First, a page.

TATIP Anthology


Leonie Bell, Theatre Artist

Leonie Bell, is a Brooklyn-based theater artist and educator. She graduated from Bard College with Bachelor in Theater in 2012. Since then, she has been living and acting in New York City. She has performed around New York City, amongst other places at the New Museum, the Invisible Dog in Brooklyn, and the Tank in Times Square. Leonie has been teaching theater and cooking with the non-profit organization Wingspan Arts since 2013.  As an artist and educator, Leonie, who was born and raised in in a newly reunified Berlin, Germany, in a German-American household, looks to open dialogue about community, culture, heritage, narrative, and identity, and re-imagine the perceived boundaries of humor, history, and “heimat” or “home.” She has very much enjoyed partaking in the CWP Teaching Artist Training Program, and looks forward to collaborating with the amazing artists and educators she has met along the way.


“My experience with the TATIP program has been extremely positive. Not only have I met and collaborated with amazing artists such as Shereen Macklin, who is also a full-time theater artist and educator, but I have had the opportunity to watch Pamella Allen and Renee Flagler teach a powerful medley of visual and written arts at the Red Hook Neighborhood School for the past four months. I have learned so much about co-teaching through TATIP. Most importantly, however, TATIP has proved to me that I can be an my artist self wherever I go; being loud and proud about my art, community, and dreams can inspire my students to be loud and proud about their own.”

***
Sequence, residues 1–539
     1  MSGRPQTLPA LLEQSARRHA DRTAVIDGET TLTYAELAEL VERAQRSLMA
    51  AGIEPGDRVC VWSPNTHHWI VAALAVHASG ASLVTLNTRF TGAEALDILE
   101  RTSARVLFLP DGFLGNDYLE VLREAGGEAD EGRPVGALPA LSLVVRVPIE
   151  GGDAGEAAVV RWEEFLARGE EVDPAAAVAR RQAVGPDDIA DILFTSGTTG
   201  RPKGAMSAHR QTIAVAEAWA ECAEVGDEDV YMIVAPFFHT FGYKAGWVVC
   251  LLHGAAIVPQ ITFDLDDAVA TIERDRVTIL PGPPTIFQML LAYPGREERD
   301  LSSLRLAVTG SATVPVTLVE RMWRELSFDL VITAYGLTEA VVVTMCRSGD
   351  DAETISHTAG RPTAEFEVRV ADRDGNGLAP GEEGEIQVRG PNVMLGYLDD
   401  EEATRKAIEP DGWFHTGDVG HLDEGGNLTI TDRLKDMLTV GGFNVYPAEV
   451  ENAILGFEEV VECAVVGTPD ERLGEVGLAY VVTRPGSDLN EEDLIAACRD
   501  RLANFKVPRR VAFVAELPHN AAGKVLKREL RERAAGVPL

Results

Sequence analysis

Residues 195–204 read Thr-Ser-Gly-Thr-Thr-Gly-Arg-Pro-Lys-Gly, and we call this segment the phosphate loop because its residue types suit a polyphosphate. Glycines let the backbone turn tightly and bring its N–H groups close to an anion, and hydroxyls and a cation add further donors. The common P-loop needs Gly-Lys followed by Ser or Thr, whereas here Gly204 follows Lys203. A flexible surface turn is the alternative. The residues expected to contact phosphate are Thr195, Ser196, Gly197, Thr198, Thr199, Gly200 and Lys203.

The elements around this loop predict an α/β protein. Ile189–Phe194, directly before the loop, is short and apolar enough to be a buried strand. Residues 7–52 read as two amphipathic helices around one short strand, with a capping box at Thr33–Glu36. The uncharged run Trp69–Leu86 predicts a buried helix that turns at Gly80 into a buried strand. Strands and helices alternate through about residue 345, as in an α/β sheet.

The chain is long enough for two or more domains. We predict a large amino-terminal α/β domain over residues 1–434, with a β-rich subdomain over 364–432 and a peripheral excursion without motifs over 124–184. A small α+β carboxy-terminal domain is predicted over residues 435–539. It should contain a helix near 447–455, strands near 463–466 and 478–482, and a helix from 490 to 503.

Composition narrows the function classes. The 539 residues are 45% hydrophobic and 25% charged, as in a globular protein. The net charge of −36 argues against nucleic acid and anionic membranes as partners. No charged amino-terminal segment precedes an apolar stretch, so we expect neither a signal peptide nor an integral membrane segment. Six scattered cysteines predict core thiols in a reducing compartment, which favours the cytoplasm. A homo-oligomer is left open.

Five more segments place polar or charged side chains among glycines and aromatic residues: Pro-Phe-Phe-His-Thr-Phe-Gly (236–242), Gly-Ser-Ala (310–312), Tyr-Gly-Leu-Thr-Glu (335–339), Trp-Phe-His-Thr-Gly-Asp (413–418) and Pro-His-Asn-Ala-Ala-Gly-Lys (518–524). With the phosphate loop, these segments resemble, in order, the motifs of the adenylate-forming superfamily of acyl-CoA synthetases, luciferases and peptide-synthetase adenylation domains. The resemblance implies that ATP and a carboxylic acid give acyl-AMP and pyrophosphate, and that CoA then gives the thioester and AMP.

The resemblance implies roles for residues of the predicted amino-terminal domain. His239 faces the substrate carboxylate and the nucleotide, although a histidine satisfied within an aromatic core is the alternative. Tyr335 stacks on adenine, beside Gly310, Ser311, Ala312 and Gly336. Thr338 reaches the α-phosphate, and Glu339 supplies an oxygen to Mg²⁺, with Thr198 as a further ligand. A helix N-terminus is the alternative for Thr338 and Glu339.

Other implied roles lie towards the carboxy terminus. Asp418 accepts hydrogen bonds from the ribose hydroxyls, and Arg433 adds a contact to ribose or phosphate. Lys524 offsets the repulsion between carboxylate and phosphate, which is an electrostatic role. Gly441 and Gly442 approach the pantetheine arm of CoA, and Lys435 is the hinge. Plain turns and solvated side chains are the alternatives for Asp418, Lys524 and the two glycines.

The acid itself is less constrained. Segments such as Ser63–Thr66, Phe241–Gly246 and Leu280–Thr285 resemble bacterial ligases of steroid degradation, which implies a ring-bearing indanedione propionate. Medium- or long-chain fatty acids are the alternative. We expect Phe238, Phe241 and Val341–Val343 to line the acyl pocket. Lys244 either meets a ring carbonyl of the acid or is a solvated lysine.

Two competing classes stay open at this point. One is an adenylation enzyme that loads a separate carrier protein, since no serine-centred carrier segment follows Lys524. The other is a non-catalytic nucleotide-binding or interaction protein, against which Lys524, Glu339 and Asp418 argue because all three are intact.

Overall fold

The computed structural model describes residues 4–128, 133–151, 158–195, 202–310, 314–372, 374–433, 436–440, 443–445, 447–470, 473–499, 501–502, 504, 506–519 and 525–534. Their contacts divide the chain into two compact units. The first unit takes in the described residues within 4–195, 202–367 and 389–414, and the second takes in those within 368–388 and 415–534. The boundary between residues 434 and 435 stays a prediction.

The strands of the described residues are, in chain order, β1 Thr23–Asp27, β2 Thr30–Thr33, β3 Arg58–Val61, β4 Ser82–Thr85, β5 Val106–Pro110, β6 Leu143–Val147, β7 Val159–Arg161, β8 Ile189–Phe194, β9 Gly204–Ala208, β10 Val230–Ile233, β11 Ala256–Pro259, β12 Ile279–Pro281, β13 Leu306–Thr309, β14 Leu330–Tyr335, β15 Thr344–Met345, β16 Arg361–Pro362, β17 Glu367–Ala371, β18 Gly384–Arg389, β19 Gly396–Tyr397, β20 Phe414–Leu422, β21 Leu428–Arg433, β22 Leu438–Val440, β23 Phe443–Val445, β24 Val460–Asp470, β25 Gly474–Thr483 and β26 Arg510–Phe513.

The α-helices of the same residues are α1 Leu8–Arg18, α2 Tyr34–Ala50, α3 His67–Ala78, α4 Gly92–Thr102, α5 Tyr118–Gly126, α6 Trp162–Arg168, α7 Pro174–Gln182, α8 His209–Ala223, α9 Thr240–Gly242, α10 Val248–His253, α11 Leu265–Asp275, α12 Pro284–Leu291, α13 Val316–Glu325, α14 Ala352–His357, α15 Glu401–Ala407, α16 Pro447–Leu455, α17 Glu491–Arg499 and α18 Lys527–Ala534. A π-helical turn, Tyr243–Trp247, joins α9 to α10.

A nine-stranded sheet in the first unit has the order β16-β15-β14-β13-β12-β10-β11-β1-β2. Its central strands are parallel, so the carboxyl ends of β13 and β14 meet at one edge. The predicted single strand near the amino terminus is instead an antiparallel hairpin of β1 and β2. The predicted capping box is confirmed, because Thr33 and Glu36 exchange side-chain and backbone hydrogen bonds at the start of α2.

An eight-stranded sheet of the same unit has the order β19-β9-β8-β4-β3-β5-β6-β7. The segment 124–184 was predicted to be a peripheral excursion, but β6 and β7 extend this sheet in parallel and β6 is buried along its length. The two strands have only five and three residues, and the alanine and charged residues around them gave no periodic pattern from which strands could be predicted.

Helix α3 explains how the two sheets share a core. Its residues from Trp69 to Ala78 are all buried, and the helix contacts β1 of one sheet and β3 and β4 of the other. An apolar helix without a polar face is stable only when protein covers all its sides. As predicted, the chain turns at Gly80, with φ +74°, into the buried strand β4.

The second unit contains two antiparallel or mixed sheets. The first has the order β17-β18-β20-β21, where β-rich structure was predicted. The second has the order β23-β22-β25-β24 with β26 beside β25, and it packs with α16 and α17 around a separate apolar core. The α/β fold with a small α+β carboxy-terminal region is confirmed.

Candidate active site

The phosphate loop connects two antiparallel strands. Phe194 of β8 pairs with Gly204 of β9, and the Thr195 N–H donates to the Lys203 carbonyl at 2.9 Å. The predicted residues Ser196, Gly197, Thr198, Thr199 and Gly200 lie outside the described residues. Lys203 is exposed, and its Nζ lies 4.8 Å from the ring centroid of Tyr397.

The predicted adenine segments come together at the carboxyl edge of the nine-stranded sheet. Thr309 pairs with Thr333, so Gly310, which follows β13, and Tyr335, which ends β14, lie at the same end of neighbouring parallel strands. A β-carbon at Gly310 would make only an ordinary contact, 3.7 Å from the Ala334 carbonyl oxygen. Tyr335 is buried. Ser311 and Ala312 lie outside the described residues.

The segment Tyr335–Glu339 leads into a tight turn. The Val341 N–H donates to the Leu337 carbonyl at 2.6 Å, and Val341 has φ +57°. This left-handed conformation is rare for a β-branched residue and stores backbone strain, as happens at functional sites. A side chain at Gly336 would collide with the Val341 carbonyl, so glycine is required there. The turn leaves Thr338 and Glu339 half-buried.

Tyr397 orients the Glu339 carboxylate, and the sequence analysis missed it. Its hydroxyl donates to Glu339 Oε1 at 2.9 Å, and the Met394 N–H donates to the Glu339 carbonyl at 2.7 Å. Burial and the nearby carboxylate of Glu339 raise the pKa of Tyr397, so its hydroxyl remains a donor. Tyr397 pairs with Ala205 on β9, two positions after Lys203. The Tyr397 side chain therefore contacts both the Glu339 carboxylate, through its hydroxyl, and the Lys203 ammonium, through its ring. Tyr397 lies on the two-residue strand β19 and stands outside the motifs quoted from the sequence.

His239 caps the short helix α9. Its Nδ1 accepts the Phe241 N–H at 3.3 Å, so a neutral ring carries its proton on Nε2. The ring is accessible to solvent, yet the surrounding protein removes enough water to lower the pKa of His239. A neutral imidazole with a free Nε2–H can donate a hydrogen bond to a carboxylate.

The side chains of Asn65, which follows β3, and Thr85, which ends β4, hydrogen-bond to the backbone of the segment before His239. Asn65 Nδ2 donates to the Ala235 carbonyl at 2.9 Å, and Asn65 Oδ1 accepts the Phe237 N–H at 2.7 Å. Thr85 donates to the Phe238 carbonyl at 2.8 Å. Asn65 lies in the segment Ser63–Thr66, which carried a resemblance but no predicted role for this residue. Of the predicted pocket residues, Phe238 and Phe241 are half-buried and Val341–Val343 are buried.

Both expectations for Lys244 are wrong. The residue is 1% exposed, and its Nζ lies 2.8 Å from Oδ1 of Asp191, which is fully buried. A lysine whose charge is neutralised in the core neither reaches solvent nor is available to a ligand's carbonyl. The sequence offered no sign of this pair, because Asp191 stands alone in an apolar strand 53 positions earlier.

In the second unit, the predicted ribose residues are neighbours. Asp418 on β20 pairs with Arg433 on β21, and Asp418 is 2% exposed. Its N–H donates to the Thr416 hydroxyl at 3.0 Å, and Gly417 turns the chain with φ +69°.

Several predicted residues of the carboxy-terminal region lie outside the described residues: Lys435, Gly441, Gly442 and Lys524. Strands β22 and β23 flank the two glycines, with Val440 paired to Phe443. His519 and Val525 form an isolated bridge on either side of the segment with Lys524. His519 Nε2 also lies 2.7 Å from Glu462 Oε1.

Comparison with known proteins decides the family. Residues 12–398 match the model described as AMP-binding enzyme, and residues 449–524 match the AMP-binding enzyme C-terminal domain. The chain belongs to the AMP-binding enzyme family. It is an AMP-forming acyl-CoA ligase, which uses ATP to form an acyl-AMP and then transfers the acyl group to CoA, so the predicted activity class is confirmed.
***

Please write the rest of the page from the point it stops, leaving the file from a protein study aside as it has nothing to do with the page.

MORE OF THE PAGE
“Thus far, my most memorable TATIP moment has been the spoken word performance collaborated in during one of our workshop sessions with Shereen Macklin, Tanya Minhas, and Stephanie Jones. Each artist had written a short poem starting with “I was raised by”, which we then sliced up into a new group poem, and performed. Our poem was an amalgamation of four women’s memories melded into one. During this process, our personal narratives became one multi-layered narrative of four women from four wildly different places. This new women’s narrative, ranging from adolescent moments of finding broken crack vials on the street in Queens to passing East German pre-fab apartments at dusk to smelling Mother’s favorite roses from 30 years ago, was powerful because it wasn’t singular. It encompassed one and all at once. For me, this idea of one and all underlines why the arts and education exist in a symbiotic relationship which must be normalized in our society: through this symbiosis, we learn to explore our individuality and celebrate our community and humanity.”

Find out more about Leonie here:

Her work can be seen at www.leoniebell.org.

Check out Leonie’s Lesson Plan that she presented with her TATIP partner, Shereen Macklin.

Interested in TATIP? Find out more about our 2015-16 Program!

See more of our 2014-15 Graduates in the 2015 TATIP Anthology!